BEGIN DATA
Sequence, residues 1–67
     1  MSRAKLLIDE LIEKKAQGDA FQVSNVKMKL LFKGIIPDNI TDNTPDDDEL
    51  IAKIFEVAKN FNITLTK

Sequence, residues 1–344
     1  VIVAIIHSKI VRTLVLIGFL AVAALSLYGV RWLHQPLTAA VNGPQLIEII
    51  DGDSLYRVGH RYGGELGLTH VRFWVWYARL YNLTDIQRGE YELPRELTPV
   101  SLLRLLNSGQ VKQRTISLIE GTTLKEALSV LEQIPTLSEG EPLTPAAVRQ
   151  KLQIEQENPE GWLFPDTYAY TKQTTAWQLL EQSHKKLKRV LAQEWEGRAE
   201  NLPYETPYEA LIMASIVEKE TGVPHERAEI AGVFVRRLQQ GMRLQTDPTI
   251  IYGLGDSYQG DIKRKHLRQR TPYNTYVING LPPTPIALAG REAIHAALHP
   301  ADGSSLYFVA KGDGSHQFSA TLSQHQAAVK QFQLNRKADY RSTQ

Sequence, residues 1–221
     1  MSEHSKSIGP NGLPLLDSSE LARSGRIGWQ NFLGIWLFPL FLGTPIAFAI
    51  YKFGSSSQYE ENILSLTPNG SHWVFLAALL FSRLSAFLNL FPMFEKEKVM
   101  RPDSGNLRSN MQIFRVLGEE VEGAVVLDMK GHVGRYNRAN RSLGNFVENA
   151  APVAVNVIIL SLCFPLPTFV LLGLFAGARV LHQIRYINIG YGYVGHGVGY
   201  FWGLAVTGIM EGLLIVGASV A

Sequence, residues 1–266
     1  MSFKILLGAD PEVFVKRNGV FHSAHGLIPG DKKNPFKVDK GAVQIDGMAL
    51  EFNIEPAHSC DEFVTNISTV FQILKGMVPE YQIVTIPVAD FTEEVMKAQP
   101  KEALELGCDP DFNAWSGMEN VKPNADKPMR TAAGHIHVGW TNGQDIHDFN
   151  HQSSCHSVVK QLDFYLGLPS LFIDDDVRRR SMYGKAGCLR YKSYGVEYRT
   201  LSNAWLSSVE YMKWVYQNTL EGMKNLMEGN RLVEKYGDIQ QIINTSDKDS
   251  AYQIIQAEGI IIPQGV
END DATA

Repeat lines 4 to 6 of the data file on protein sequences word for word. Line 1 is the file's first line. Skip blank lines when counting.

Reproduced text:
Sequence, residues 1–344
     1  VIVAIIHSKI VRTLVLIGFL AVAALSLYGV RWLHQPLTAA VNGPQLIEII
    51  DGDSLYRVGH RYGGELGLTH VRFWVWYARL YNLTDIQRGE YELPRELTPV